Is there a safe temperature for a car wash? When is it too cold to wash your car? You can wash your car in virtually any temperature as long as you’re able to get the water on your car and back off it without it freezing. The higher the water pressure, the faster the process goes. This means you’re able to do it well below freezing as long as you aren’t using a garden hose in your driveway. If you plan on going to a car wash, as long as the doors are open, it’s not too cold to wash your car.
In the winter (especially in colder climates), it’s safest to get a professional, full-service car wash because your car will be washed by hand and sufficiently dried to prevent freezing. The only drawback may be the expense. You can go to automatic car washes but often they use so much pressure that the water gets forced into door jams and locks more so which can make it difficult to get your doors open after you park the car and come back to it. But it is possible to go to them. Below, we discuss each place to get your car washed in the winter.
When Is It Too Cold to Wash Your Car?
When is it too cold to wash your car? Most people assume that below-freezing temperatures mean they can’t get a car wash, but that isn’t true — and not cleaning the frozen slush and salt off your car may lead to corrosion the moment temps get above freezing again. What matters more than the temperature outside is the type of car wash.
The two most important factors of a winter car wash are the water pressure and the drying method. You will want to use a car wash with low water pressure and preferably a towel drying service. If there are no workers to towel dry your car, you can do it yourself. But a location that towel dries your car in an enclosed space is optimal. If water isn’t properly dried, it may freeze your doors shut, which can be a safety hazard. And high water pressure (versus low water pressure) is more likely to force water into door locks and other components, where it can also freeze.
Now that we’ve explained these important factors, let’s talk about different types of car washes and why you should or shouldn’t use them when the temperature is below freezing.
Best Option: Professional, Full-Service Car Washes
This is the best choice for getting your car washed in the winter. A professional car washing service will wash your car by hand in an enclosed area. Not only will they do a much better job than most automatic washes, but they will also be sure to carefully dry the entirety of your car to prevent any water from freezing. Full-service car washes will also clean the undercarriage — where road salt can accumulate — and interior of your car. The only downside is that a professional car wash is more expensive than an automatic car wash.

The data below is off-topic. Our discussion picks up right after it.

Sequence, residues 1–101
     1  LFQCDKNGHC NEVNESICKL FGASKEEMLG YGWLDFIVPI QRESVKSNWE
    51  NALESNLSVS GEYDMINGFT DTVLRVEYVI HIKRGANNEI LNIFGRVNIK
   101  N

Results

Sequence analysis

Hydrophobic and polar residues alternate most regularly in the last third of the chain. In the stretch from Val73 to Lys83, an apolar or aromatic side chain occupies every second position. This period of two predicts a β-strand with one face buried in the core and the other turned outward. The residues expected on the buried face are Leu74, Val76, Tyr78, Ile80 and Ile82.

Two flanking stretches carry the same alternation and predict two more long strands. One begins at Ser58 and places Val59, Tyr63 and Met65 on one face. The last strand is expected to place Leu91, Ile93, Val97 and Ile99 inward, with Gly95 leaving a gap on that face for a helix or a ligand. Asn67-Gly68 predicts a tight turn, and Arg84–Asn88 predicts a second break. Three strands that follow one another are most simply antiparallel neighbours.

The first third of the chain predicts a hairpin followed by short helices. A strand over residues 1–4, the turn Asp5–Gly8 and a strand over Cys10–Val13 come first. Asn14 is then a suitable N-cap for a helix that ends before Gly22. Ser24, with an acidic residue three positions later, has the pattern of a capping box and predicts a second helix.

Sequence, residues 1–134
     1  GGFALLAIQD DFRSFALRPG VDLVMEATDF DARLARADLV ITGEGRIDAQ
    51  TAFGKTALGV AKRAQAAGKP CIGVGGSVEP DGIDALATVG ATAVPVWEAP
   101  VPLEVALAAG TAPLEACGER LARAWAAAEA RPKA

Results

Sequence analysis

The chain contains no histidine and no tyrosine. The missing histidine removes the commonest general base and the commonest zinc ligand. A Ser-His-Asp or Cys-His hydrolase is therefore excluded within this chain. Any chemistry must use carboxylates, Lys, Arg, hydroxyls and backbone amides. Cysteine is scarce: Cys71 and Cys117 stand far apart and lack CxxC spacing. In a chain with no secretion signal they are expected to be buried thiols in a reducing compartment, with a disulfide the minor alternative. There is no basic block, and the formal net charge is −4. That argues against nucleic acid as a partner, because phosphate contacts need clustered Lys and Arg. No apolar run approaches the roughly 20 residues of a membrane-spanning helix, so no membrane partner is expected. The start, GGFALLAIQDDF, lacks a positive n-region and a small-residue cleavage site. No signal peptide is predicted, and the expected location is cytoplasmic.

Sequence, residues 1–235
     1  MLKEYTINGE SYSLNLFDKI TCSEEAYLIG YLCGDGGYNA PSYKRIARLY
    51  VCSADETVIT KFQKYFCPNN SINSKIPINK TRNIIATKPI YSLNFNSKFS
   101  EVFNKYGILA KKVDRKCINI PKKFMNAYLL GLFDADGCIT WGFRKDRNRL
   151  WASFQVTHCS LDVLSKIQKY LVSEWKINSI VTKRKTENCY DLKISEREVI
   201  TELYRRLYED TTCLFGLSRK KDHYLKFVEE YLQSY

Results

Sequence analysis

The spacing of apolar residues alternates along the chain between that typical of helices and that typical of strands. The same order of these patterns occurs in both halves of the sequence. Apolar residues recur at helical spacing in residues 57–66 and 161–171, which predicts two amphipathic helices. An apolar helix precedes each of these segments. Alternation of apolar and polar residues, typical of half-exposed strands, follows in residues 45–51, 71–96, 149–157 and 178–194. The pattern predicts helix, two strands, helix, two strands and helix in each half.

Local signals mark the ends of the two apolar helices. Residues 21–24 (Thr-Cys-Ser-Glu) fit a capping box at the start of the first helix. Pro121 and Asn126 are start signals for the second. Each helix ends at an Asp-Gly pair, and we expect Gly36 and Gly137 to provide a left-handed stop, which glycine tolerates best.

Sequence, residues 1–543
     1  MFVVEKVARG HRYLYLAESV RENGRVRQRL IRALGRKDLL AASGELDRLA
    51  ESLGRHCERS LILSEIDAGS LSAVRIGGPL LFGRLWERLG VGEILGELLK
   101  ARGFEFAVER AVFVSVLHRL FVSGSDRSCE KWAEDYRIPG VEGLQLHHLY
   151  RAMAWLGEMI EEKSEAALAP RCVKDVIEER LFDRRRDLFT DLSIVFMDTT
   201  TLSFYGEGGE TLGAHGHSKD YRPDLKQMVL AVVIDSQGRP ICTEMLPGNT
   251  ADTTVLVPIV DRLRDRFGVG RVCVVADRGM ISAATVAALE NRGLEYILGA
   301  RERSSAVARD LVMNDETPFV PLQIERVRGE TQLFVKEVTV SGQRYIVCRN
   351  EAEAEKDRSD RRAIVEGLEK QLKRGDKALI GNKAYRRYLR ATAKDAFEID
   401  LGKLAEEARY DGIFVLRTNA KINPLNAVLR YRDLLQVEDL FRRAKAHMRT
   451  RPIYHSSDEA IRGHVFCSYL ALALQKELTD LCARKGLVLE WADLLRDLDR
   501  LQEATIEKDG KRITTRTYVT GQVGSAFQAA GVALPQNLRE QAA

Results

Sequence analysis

Runner-Up: Washing Your Car by and with the Proper Equipment
You can wash your car at home in the winter. But you need serious equipment and dedication. You’ll want a pressure washer and a way to quickly dry the car. A leaf blower can work for that or even some super-absorbent microfiber towels.
3rd Place: Soft Touch Car Washes
Soft touch car washes are the drive-through options that have the “mops” that beat the top and sides of your car. Soft touch is a safer choice than touchless car washes, but they still aren’t ideal. While these don’t typically use high-pressure water, the air blowers used to dry your car aren’t enough to prevent freezing. If you decide to use a soft touch car wash in the winter, be sure to bring plenty of towels so you can dry your car off yourself — paying extra attention to door jambs.
Sometimes it’s too cold for car washes to operate. It’s not because the water would freeze but the equipment can freeze. But if the doors aren’t closed, it usually means it’s not too cold for the equipment to operate.
4th Place: Touchless Car Washes
Touchless car washes don’t use anything but water (and soap) to clean your car. There are no “mops” or sponges, just a chemical cleaning spray and water. During the winter, these types of car washes are not the best idea. Touchless car washes use high pressure to wash your car. This means there is a higher potential for water to get into different components, such as doors and locks, and freeze. Not to mention, the chemicals used in this type of wash do not perform well in the winter, so your car may still look dirty after you exit the car wash.
Loser: Washes Your Car by Hand in Your Driveway with a Just Garden Hose
At temperatures much below freezing, the water will — you guessed it — freeze before you’re able to suds up and get the suds back off. Not to mention your faucet and hose will want to freeze as soon as the water stops flowing. This means you must shake all the water out of the hose the moment you’re done with it so it doesn’t freeze inside, thus expanding the hose and cause the hose to crack and leak. If you see a garden hose in someone’s lawn that has water shooting out of cracks all over it, that person probably tried washing their car in the winter and didn’t drain the hose.
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You can get a car wash in cold weather just fine, as long as you’re not planning on doing it in your driveway with a garden hose and bucket when it’s much below freezing.
Now you know the safe temperature for car washing. When is it too cold to get a car wash? It’s technically never too cold to get a car wash. Just be careful what type of car wash you choose. The most important factors of a winter car wash are water pressure and drying method. The best choice in the winter is a professional, full-service car wash. Professionals will wash your car by hand and make sure it is fully dried to prevent water from freezing.